I stand there with my big, nerdy camera and they look up at me—straight at me. Their glare goes right through the lens and then right through me. I shiver. It's my least favorite aspect about photography. I am probably the shyest, most self-conscious photographer in the world.
The frustrating thing is that I love photographing people. However, most people hate having their picture taken, at least when a stranger comes poking around with a big, black camera and lens. If only I were invisible or in a bubble. Shyness is a curse.
I've gotten more skillful over the years at being unobtrusive yet respectful (at least in my mind) about photographing in public. Sometimes people notice me, the stare back, smile, or stiffen up. That, actually, can result in marvelous images. Other times they go about their business, ignorant of me in every way. Life being lived.
Serious cameras are just too big and obtrusive. They separate us photographers from the world and turn us into skulking paparazzi. There are too many buttons, beeps, clicks, whirrs, and protruding appendages. More times than not I feel more like a dork than an artist. It's like those well-past-middle-age guys you see driving the hot Porsches—somehow there is a disconnect. They (we) are trying too hard. It isn't about cars and cameras.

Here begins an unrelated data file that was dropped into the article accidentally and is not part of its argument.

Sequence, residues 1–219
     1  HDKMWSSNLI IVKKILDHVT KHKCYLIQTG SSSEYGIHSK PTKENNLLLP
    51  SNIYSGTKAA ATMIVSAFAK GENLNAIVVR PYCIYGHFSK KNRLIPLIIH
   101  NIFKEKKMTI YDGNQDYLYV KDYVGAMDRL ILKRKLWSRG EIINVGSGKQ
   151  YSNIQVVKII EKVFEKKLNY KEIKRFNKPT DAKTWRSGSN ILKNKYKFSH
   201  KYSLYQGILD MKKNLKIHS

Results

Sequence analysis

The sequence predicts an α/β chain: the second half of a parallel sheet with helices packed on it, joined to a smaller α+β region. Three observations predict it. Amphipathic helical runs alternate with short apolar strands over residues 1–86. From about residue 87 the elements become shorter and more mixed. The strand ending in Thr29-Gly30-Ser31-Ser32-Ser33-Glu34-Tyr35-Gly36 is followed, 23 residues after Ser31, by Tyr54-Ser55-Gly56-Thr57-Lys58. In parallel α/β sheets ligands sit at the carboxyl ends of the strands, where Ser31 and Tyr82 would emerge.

No, it isn't about cameras but next camera is going to be small and simple. Then, rather than being the painfully-shy photographer with the big, nerdy camera, I'll become the painfully-shy photographer with the small, weenie camera.